Indians’ Tomlin, Cubs’ Arrieta won’t let pressure of Game 6 get to them


CHICAGO, IL - OCTOBER 28: Cleveland Indians starting pitcher Josh Tomlin (43) looks on during the second inning of the 2016 World Series Game 3 between the Cleveland Indians and the Chicago Cubs on October 28, 2016, at the Wrigley Field in Chicago, IL. (Photo by Patrick Gorski/Icon Sportswire)

CLEVELAND — Josh Tomlin has been with the Cleveland Indians longer than any player.

The right-hander was selected in the 19th round of the 2006 amateur draft from Texas Tech, then made his major league debut on July 27, 2010.

Now, the 32-year-old has a chance to pitch the franchise to its first World Series title since 1948 as he will start Tuesday night against the Chicago Cubs and Jake Arrieta in Game 6 at Progressive Field.

The Indians hold a 3-2 lead in the best-of-the-seven series after the Cubs staved off elimination Sunday night with a 3-2 victory at Wrigley Field in Chicago.

“It means a lot to not just to 25 guys that are in that locker room but the organization as a whole,” Tomlin said of being in position to win it all. “There have been a lot of guys that have been here a long time and never got to experience anything like this. So, for us to be able to experience this as an organization is very special to us, and it’s something that we are humbled to be able to do.

“We understand it’s not just about getting here, it’s about trying to win as well. There’s nobody in that clubhouse that’s complacent. It’s not like we have a 3-2 lead, it’s just going to happen. That’s not the mindset we take at all.”

Tomlin pitched 4.2 scoreless innings in Game 3, falling one out shy of qualifying for the win in the Indians’ 1-0 victory. He is 2-0 with a 1.76 ERA in three postseason starts after going 13-9 with a 4.40 ERA in 30 games, including 29 starts, during the regular seasons.

Arrieta, last year’s National League Cy Young Award winner, pitched 5.2 shutout innings to get the win in Game 2 and is 1-1 with a 3.78 ERA in three starts in this postseason following a regular-season in which went 18-8 with a 3.10 ERA in 31 starts.

He, meanwhile, will be trying to keep the Cubs’ chances of winning their first world championship since 1908 alive. It is a lot to carry on one’s shoulders, but the 30-year-old righty says he is not feeling any extra pressure.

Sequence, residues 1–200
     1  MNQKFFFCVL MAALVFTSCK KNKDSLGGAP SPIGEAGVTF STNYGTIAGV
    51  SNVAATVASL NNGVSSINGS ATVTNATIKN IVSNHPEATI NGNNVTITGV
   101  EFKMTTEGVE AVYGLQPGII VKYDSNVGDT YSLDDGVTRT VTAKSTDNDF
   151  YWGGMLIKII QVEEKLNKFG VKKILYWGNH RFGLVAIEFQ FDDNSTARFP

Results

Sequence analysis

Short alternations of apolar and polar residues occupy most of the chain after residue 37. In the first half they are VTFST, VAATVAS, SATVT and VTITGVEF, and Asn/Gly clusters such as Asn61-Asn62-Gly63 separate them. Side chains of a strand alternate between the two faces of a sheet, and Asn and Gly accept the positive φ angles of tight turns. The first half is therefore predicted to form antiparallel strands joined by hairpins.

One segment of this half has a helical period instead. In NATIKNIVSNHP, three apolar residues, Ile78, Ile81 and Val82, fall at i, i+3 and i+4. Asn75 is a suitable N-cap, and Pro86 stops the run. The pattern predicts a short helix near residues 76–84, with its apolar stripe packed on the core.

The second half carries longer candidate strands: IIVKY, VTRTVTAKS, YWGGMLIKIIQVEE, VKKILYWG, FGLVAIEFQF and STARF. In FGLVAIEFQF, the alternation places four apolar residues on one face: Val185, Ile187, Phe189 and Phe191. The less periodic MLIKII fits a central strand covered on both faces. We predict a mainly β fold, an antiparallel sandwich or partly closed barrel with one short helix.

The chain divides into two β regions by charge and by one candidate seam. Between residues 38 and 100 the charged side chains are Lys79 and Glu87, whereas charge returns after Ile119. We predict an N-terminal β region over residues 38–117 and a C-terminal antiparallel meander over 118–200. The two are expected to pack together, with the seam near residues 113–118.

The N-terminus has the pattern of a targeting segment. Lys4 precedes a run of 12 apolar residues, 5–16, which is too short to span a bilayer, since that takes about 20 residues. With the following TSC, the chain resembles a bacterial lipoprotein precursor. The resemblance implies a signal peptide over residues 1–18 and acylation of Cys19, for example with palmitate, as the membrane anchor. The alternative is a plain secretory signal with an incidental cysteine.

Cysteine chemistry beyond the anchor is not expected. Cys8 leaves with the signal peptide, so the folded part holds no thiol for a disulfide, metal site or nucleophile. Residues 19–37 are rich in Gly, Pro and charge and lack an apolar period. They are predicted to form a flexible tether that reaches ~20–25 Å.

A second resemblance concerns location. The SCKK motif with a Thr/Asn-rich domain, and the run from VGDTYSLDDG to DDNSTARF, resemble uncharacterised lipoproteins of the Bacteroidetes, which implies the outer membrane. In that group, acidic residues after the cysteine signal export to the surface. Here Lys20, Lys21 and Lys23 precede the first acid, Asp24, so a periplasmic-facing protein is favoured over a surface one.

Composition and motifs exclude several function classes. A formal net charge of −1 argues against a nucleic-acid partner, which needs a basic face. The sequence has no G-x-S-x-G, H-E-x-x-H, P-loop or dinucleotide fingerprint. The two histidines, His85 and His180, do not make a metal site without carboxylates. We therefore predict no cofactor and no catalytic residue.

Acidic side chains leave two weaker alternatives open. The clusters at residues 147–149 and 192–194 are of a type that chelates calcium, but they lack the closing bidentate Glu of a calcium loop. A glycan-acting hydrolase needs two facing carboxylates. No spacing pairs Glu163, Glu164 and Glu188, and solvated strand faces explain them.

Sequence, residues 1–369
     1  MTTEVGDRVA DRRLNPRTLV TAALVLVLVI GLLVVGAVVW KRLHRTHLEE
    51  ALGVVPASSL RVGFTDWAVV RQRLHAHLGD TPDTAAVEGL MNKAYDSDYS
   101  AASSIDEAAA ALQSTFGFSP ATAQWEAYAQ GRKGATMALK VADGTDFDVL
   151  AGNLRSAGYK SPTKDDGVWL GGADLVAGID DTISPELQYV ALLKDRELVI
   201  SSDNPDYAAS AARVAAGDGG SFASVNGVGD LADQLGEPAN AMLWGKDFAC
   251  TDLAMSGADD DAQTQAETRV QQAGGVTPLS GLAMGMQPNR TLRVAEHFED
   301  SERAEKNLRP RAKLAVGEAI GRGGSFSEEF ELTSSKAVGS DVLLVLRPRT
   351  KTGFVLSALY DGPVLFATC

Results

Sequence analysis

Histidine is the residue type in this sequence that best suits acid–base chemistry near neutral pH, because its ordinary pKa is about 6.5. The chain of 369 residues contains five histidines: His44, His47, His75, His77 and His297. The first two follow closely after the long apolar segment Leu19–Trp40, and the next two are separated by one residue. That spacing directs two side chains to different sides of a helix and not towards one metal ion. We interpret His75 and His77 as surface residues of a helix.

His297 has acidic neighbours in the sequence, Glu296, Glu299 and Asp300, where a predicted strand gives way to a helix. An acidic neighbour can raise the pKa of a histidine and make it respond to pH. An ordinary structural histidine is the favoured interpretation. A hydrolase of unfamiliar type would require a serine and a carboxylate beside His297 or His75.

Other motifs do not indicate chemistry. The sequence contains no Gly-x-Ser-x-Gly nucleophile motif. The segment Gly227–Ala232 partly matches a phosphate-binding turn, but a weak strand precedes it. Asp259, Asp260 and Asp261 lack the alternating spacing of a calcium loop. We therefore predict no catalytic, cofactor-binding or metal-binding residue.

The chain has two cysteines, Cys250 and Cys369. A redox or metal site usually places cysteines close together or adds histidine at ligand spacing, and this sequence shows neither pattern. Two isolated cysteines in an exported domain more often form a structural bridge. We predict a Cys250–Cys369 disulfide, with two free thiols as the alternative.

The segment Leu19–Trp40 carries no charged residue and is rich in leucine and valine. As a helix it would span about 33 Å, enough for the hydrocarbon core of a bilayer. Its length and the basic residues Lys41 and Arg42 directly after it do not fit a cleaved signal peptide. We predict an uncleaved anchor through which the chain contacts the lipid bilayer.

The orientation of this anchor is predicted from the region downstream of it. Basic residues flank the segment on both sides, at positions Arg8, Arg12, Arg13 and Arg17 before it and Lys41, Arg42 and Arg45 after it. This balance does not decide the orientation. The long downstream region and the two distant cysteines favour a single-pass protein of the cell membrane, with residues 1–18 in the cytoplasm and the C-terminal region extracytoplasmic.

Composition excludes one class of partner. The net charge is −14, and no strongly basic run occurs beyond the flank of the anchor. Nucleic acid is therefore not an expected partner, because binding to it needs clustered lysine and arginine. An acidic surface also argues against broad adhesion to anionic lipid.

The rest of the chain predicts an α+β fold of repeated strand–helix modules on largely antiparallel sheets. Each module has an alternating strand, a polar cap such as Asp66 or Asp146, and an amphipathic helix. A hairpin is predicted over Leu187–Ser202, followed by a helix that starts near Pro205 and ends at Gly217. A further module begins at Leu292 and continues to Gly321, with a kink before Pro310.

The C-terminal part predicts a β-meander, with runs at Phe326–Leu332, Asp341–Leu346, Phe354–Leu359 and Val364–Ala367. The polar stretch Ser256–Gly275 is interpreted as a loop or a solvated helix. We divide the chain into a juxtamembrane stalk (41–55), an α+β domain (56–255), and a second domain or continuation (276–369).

“It’s just like any other game where you feel comfortable with the game plan and you go out there to do your best to follow through on the execution,” Arrieta said. “So, that’s really the only thing that I’ll be thinking about, is just trying to be efficient, trying to be as good as I can about moving the ball in and out, up and down and changing speeds and trying to keep those guys off balance.”

Tomlin will be trying to deliver Cleveland its second championship in six months. The Cavaliers won the NBA Finals in June, giving the city its first major professional sports championship since 1964, when the Browns won the NFL pre-Super Bowl.

“I watched a little bit of the parade,” Tomlin said. “We had a game that day, so I remember it was tough to get to the ballpark. The city was in full support of what they just accomplished, and they should be. What they accomplished was huge, and it was cool to watch. The support the city has given us all year long has been huge.

“So it would be an honor for us to be able to have another parade here and to see that support that the Cavs got as well. But our main focus right now is to try to win this thing so we can have a parade.”

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Source: Knuckleball